Cart Before the Horse(?)

The recent flurry of activity from NCARB — and the requisite mixed bag of reactions from the architectural community, complete with hand-wringing that comes with the idea of changing something about the process — has had me thinking a lot about change, change for change’s sake, and how we as a culture react to it. It’s certainly not the first time NCARB has made modifications to their programs and policies, and I doubt that it will be the last. In honor of the now-ubiquitous Throwback Thursday, here’s an example from my own personal experiences.

Confession time: I graduated from college — and entered the workforce — in June of 2000. (Yes, again, another reminder that I’m getting old.) It was a simpler time — Facebook hadn’t been invented (much less gone mainstream) just yet, Twitter was even further off, and a “smart phone” was one that had a camera. I also walked uphill to the office, both ways, in driving rain and snow… (I’m only kidding about that last part. It was a bridge, not a hill.) But I digress… Back in my day, an intern had to complete IDP (filling out Experience Reports BY HAND) before being they could even consider starting the ARE.

I know what you’re thinking: Facebook hadn’t been invented yet!?! Stay with me, here…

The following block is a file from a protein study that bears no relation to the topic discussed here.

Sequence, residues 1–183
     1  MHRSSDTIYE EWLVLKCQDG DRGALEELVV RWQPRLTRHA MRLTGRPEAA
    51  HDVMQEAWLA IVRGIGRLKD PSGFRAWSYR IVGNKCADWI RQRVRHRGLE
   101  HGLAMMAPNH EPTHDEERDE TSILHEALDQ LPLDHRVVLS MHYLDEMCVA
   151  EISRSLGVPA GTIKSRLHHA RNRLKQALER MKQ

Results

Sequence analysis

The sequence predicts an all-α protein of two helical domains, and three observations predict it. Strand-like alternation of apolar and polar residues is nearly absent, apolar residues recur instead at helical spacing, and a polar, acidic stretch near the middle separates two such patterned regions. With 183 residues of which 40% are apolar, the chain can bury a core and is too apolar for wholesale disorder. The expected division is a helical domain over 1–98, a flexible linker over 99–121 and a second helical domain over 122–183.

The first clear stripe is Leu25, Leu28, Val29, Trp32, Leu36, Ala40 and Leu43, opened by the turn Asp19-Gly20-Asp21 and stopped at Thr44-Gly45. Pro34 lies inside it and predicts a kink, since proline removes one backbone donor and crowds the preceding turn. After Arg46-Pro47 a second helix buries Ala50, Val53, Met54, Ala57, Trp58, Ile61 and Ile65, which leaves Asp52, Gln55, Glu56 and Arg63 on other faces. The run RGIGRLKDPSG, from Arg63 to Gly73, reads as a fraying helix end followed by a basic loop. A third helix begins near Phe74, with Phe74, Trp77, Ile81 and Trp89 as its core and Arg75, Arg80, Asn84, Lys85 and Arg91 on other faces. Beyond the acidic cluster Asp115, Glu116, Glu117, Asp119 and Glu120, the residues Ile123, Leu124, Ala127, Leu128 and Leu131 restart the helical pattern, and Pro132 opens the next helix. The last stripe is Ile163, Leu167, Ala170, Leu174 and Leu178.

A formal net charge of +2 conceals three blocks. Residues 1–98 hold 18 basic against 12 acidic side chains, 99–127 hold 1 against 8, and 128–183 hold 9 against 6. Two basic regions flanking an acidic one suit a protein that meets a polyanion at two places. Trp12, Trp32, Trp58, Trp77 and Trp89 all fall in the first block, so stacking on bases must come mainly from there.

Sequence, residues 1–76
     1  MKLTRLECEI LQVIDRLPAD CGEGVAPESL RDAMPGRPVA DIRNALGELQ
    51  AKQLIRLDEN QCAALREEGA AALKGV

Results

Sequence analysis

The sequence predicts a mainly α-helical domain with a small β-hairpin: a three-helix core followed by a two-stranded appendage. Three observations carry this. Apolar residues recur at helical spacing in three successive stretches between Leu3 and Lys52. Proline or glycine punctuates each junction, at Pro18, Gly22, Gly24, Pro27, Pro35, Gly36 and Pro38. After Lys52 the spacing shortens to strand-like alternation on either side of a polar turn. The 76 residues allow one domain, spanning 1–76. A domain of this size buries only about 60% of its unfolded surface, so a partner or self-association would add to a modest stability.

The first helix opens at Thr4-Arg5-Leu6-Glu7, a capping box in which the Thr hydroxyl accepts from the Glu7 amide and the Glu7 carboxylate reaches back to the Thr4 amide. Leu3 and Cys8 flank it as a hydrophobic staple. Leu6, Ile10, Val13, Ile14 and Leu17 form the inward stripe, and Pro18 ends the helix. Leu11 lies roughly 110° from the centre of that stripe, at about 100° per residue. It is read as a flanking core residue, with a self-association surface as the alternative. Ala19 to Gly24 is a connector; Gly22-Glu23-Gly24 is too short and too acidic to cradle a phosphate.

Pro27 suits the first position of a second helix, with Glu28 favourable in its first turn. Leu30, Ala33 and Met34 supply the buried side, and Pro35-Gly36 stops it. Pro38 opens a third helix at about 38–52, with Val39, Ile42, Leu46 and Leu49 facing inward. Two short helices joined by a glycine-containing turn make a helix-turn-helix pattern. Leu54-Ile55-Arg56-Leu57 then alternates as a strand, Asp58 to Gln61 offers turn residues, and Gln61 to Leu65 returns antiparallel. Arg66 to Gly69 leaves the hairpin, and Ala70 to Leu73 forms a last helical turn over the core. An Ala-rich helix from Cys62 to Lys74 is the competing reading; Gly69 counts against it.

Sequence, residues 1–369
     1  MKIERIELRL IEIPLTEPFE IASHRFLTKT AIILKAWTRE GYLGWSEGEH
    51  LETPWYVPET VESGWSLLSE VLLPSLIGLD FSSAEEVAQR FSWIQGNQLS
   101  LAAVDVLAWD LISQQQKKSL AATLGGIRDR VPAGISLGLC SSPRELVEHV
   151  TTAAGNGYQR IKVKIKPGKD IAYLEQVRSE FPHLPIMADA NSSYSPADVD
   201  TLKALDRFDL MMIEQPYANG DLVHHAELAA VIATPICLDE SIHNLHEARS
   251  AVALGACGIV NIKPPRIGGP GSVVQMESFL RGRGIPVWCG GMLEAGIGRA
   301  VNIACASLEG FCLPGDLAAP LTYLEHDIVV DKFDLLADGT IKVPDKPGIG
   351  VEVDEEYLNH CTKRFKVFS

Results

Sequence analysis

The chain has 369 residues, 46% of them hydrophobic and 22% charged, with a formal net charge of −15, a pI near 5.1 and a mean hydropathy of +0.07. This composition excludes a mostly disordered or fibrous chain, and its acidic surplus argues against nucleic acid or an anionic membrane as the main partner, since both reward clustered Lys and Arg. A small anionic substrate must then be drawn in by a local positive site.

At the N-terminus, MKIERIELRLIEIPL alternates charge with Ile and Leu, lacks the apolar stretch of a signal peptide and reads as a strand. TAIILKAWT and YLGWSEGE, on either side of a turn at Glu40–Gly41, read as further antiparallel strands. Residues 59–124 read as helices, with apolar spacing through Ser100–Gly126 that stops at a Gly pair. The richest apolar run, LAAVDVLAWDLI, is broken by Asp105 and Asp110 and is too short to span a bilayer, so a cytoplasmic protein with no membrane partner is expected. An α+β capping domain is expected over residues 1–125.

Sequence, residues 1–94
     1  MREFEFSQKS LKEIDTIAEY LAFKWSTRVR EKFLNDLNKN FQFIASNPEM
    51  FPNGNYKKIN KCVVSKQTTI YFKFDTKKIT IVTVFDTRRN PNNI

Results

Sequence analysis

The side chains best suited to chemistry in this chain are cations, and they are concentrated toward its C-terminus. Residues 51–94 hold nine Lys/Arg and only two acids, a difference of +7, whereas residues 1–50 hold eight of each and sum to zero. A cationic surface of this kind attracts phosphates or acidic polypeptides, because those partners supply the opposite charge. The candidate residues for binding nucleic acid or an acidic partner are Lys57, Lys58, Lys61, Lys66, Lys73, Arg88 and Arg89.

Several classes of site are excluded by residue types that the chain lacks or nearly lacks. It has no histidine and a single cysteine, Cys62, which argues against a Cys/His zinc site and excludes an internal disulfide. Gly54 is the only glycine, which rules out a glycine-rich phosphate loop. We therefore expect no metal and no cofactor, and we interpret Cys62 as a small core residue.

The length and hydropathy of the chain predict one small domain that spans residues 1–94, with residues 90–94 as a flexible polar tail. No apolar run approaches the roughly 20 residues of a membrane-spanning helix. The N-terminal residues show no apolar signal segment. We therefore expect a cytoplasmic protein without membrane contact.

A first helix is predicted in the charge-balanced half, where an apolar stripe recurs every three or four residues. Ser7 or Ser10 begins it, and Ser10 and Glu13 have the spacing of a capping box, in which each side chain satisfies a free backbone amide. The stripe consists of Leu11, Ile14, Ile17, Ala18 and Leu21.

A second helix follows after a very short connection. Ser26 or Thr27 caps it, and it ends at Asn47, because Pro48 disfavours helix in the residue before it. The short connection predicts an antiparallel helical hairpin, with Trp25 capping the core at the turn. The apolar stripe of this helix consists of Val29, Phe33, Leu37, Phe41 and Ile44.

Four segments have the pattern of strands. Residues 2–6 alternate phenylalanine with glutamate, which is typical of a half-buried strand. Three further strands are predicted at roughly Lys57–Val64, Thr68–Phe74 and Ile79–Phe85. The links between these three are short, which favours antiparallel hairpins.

When I began my internship, taking my first steps on my path to becoming an architect, candidates had to complete IDP first (earning your minimum amount of experience while doing so) before receiving their Authorization to Test. Under that model, the exam became a rite of passage… it was something that you worked toward, the culmination of your education and training, a palpable threshold that could be crossed. The ARE tested not only your ability to hit the books, but also the things that you had learned along the way. The experience became part of your preparation for the exam. (For the record, I completed IDP in early 2004, started testing — under ARE 3.1, mind you — in December of 2004, and finished nearly one year later, in December of 2005. Seems like only yesterday, but the fact that it’s been nearly ten years is staggering to me.) As most candidates know, that’s all changed now. Most jurisdictions allow their interns to take any (or all!) of the seven divisions of the exam as soon as they graduate from college, concurrent with earning IDP credit.